Delving into deep discussions on marine trade can spark many thoughts and ideas on how to make ports more efficient and thus more competitive. During Halifax Port Days, expert panel discussions have become a highly anticipated part of the event’s agenda with participation not only from highly respected panelists but often from conference delegates who push panelists with insightful questions. This year’s topic promises to be as interesting as those of the past as panelists discuss, “What parts of the supply chain need innovating, including trade-enabling investment, to elevate Canada’s ability to compete globally?”
Panel moderator will be Peter Hurme, Programming Coordinator, Cargo Logistics Canada and Correspondent for Lloyd’s List. Expert panelists include Jean-Jacques Ruest, Executive Vice-President and Chief Marketing Officer, CN; Wolfgang Schoch, Managing Director, Hapag-Lloyd (Canada) Inc. and Madeleine Paquin, President and CEO, Logistec Corporation. Ms. Paquin and Mr. Ruest were both inducted into the International Maritime Hall of Fame earlier this year.
Madeleine Paquin, President and CEO of Logistec, provider of marine and environmental services, offered some thoughts on what delegates may hear during the panel discussion. “Potential discussion could evolve around how we create a solid and sound investment framework to ensure we are investing in key strategic hubs and supply chains in Canada,” she said in an email. “This theme could include how we create the necessary collaboration between government, industry and research/academia to arrive at the best investment decisions.”
Logistec Stevedoring Inc., a subsidiary of Logistec Corp., plays an important role in the supply chain providing specialized cargo handling and port logistics services to marine and industrial customers. It has a network of some 30 ports and 40 terminals across eastern North America.
The Port Days’ agenda, which include a trade show component with over 20 booths, will kick-off with the highly popular annual golf tournament and barbeque on Sept. 13, at Chester Golf Club. It will be followed in the evening by an opening reception at the Cunard Centre. In 2016, Halifax Port Days had over 500 delegates and this year record numbers are registered for both the business session and Chairman’s breakfast. The breakfast will highlighted by remarks from Halifax Mayor Mike Savage and Treasury Board President Scott Brison.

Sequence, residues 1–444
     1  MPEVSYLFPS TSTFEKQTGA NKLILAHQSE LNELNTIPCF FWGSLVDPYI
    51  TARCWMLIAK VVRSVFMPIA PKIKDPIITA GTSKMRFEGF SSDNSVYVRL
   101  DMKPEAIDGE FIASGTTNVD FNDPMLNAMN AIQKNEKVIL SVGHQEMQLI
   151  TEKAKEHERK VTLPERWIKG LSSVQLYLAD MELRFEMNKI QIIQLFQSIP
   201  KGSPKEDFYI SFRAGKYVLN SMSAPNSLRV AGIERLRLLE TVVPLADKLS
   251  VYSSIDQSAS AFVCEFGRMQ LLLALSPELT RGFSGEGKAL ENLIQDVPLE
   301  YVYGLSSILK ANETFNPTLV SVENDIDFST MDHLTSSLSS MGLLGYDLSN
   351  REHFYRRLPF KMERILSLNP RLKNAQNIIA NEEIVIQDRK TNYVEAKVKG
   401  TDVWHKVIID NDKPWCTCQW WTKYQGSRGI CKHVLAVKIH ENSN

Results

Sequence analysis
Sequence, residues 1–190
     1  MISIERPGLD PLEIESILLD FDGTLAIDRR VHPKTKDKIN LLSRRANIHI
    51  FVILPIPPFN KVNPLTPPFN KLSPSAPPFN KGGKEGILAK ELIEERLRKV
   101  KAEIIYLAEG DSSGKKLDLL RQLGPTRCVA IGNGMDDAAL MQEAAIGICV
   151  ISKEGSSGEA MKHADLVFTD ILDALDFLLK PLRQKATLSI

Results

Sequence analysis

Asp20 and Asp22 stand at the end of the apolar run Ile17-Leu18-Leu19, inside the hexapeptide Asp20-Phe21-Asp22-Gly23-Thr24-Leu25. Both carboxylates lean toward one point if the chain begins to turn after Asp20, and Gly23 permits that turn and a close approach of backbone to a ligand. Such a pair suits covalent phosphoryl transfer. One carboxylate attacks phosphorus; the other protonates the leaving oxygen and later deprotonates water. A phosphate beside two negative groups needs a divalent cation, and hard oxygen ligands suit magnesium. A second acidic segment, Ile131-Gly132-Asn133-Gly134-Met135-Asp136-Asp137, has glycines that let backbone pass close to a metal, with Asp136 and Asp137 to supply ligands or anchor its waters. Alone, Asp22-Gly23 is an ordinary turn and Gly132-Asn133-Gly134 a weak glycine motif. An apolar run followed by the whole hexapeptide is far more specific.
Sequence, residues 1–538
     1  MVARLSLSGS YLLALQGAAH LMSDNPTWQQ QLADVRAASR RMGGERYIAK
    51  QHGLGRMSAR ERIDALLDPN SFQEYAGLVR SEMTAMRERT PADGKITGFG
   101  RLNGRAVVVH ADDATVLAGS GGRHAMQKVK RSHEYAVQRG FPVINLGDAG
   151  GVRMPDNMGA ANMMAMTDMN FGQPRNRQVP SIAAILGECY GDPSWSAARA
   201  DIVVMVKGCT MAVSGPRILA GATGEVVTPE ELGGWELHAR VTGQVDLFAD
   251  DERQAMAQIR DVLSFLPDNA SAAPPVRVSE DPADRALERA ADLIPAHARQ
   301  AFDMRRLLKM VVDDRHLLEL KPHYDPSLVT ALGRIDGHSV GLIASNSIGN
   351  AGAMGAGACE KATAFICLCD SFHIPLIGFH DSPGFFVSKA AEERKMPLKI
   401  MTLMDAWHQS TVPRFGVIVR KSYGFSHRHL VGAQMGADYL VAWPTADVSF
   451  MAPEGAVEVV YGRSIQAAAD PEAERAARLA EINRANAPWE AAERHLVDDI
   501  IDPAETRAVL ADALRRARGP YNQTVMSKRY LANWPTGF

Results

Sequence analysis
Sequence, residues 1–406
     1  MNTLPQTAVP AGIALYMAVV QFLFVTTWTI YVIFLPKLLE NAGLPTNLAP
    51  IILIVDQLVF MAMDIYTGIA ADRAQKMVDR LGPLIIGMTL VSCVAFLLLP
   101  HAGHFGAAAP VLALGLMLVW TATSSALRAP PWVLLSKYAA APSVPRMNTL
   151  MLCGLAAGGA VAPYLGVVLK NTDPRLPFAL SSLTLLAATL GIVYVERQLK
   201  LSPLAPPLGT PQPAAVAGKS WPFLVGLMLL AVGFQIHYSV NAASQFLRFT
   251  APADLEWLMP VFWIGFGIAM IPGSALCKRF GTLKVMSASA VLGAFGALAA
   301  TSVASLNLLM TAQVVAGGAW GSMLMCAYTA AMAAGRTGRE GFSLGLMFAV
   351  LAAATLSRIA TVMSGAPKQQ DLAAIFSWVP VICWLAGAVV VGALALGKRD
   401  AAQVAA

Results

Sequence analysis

This year’s luncheon will be held at the Canadian Museum of Immigration at Pier 21 beginning at noon. The keynote speaker will be Jeff MacLean, President, Michelin North America (Canada).
During the luncheon, Halifax Port Authority will honour a long-time client, Hapag-Lloyd, with an award commemorating the shipping line’s 125 years of doing business in Canada. Hapag-Lloyd, which has been calling Halifax since 1972, began its original service between Europe to Canada (Montreal) with the steamship Cremon. The carrier offers 14 liner services from Canadian ports, five of which are through Halifax.
“Halifax Port Authority is proud to congratulate Hapag-Lloyd on 125 years of liner service to Canada,” said President and CEO Karen Oldfield. “This is a remarkable milestone and significant achievement. The industry has seen significant evolution since the Hapag steamer Cremon first sailed into Montreal in 1892. We are grateful the Port of Halifax was later added to Hapag-Lloyd’s regular rotation and we value the strong relationship our organizations share.”
This year also marks milestones for two other of Halifax’s major port clients, Atlantic Container Line (ACL) and ZIM Integrated Shipping Services.
“2017 marks ACL’s 50th year of continuous operation and, most importantly, saw the last of our new G-4 builds, Atlantic Sun, delivered in early July,” said Fritz King, ACL’s Managing Director. “Having these significant company milestones to celebrate during Halifax Port Days provides us with a special bonus. Over our long history, Halifax Port Authority and the port have been key components in our success. We are pleased to participate in showcasing the unique advantages of the port to our many visiting clients and to the marine community in general,” he said.
ZIM started calling Halifax as Zim Container Service (ZCS) in 1972. It was a pendulum service that came from the Mediterranean to Halifax, down the US East Coast, through the Panama Canal and then to the Far East, and then returned.
The Port Authority recognizes ZIM’s contribution, significance and strength the company brings to Halifax. “ZIM is a longstanding ocean carrier calling on the port of Halifax and was the first carrier to bring ultra-class vessels over 10,000 TEU to the port,” said HPA’s Lane Farguson. “ZIM continues to play an important role in cargo growth and development, as do all of the carriers calling on the Port of Halifax,” he added.